We only had Maple for about three months, but everything was going well. She hadn’t chewed up anything, she was really calm, and she seemed to like other dogs. We worked hard on socializing her; every night we went to the dog park and on a walk. If the dog’s owner was comfortable, we would let Maple meet other dogs on her walk. And we were working really hard on not pulling.
She was phenomenal.
The car was all packed up and we were ready to go on a long car ride to visit my parents in Cleveland. I was walking Maple out to the car when, all of a sudden, the neighbors’ dog shot out of their door, straight at Maple’s throat. She pulled Maple to the ground, snapping at her in every direction. Luckily, Maple was wearing her harness so Ian could pull her out to scoop her up, as the neighbors’ dog snapped at her heels.
I was stunned. The neighbors just stood by, watching and saying, “Well, she’s never done that before.
Their kids sat on the back of the truck yelling, “Fight, fight, fight!”
Ian turned to the kids, looked them in the eye and said “Don’t you ever say that to a dog again. Ever.” To this day I’m thankful that he said that, and I hope it stuck with them.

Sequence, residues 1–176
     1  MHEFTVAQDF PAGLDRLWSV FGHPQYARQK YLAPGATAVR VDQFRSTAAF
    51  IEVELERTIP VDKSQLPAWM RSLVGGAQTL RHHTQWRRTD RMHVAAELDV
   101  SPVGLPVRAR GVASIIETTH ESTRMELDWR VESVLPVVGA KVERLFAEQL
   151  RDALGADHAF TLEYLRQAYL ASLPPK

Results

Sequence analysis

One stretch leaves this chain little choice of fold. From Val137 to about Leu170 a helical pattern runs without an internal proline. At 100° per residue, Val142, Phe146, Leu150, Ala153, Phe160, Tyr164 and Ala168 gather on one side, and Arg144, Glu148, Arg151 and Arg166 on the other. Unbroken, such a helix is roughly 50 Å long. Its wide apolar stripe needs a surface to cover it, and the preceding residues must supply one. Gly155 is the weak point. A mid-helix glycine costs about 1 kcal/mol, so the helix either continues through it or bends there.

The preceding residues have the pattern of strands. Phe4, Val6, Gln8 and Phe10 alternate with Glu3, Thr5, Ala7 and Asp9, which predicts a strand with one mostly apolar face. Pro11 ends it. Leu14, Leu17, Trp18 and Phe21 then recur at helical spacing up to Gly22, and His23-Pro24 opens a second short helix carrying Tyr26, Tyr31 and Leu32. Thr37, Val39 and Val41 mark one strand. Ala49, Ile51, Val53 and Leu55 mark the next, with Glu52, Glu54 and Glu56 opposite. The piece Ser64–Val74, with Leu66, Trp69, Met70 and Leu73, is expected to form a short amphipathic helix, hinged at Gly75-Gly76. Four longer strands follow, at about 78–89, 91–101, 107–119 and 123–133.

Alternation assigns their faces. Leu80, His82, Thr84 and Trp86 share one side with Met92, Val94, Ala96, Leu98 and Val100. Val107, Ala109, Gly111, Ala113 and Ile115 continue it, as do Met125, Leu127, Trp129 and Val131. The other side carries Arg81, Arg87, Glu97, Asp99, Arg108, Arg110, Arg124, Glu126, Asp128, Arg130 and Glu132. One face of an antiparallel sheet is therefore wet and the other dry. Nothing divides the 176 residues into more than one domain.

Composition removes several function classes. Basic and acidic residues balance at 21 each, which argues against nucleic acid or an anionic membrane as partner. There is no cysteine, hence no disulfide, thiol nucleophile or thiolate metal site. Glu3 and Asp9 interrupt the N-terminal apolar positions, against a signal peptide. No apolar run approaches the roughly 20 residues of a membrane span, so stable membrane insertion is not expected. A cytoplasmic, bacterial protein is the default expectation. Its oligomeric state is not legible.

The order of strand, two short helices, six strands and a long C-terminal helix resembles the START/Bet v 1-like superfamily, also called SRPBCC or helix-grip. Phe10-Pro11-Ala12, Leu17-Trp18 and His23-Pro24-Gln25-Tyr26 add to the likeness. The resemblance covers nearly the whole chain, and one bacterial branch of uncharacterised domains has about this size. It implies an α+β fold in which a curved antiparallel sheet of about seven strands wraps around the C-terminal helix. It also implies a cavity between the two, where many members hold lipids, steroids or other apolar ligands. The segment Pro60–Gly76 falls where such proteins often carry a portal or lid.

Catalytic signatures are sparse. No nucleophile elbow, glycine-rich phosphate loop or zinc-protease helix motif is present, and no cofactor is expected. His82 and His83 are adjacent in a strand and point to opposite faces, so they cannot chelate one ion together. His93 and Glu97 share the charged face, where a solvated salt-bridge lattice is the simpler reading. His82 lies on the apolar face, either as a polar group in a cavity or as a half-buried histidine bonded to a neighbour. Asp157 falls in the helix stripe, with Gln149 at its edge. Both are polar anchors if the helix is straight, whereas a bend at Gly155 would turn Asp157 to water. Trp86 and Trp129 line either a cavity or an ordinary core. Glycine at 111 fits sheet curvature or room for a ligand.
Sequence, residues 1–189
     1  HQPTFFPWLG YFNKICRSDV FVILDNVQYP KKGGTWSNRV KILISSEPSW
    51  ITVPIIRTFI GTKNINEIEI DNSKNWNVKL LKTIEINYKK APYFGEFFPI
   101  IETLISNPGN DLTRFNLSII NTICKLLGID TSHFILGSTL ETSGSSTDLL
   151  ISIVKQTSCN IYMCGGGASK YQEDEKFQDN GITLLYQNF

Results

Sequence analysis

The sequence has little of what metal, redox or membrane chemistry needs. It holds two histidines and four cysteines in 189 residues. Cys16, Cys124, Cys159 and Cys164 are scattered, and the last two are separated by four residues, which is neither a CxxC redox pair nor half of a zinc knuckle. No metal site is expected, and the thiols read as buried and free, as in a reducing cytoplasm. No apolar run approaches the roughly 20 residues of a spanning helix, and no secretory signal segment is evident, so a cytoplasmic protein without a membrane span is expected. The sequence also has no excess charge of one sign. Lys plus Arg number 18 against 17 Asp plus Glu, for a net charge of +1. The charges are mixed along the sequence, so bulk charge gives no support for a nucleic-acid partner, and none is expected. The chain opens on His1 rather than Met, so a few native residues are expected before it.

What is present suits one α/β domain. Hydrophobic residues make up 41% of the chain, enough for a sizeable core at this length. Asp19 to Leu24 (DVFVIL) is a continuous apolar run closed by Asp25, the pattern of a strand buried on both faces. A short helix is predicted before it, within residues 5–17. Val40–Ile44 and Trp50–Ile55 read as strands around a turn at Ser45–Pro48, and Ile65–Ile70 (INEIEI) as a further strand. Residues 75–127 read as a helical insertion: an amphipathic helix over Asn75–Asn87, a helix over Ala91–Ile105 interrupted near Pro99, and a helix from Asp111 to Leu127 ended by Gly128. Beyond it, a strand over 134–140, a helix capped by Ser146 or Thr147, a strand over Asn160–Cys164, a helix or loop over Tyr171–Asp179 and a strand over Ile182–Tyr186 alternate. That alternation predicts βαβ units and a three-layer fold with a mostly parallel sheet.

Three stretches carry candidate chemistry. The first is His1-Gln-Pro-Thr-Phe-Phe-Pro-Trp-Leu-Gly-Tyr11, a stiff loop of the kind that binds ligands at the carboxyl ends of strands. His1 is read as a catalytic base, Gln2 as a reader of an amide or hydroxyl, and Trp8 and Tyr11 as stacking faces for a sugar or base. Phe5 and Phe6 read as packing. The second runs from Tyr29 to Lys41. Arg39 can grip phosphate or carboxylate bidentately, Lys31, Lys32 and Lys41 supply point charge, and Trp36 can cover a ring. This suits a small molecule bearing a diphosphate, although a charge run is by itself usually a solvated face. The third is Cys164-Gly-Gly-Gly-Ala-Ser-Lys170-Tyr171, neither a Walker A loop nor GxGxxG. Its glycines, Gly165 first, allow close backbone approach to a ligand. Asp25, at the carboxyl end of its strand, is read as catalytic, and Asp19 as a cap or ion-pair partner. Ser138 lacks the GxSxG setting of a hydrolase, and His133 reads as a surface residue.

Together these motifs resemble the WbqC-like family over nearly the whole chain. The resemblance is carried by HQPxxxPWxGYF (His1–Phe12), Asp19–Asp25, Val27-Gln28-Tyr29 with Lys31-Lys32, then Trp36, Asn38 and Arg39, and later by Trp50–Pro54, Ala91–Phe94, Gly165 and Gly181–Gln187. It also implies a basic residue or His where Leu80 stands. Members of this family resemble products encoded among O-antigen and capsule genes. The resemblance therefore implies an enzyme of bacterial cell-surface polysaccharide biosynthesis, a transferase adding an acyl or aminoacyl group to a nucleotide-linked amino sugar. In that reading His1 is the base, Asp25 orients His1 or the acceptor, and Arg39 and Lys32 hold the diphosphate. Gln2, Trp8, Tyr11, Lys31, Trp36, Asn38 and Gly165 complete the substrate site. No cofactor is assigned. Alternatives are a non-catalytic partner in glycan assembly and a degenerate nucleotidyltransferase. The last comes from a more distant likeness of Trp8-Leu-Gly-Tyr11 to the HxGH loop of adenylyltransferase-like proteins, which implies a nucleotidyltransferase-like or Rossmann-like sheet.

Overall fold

We got in the car, and I checked Maple out for any bite marks. She was fine, but obviously uneasy. I felt sick, but I was glad she was okay. It was only a few seconds, maybe a full minute. And she was fine.
It wasn’t long after that was started noticing the changes. When another dog would walk by while Maple was out going potty, she would start growling, and if the dog got too close, she would lunge at them.
Soon, she would start growling and barking when we would pass dogs at walks. If she was allowed to greet them, everything was okay, but if she couldn’t, she would pull and growl.
We tried to look up all different ways to calm herdown. We contacted our trainer, the shelter we adopted her from, and another local shelter for advice on how to deal with it. Nobody had a straight answer. We read articles on how to calm dogs down when they’re suffering from leash reactivity and most of them involve treating to teach them that it’s okay. But unfortunately, Maple is so anxious on walks that she won’t even accept treats, not her regular biscuits, apples (which are her favorite), or the freeze-dried liver treats (which she otherwise would do anything for).
Since then, it’s been rough. Taking her for a walk is difficult, and sometimes embarrassing. We get dirty looks from people as we walk and I just wish I could scream, “She’s a great dog- she’s just been nervous ever since she got attacked. But she deserves to go on a walk, just like your dog.” Someday I hope that she learns that walking is safe again.
That’s why I was excited when I read yesterday’s post over at love and a six-foot leash, where she recommended Dogs in Need of Space. She has some great sources for how to deal with reactivity, but beyond that it’s a great community of people who have dogs who just, need space.
Does anyone else have a reactive dog? How have you dealt with it?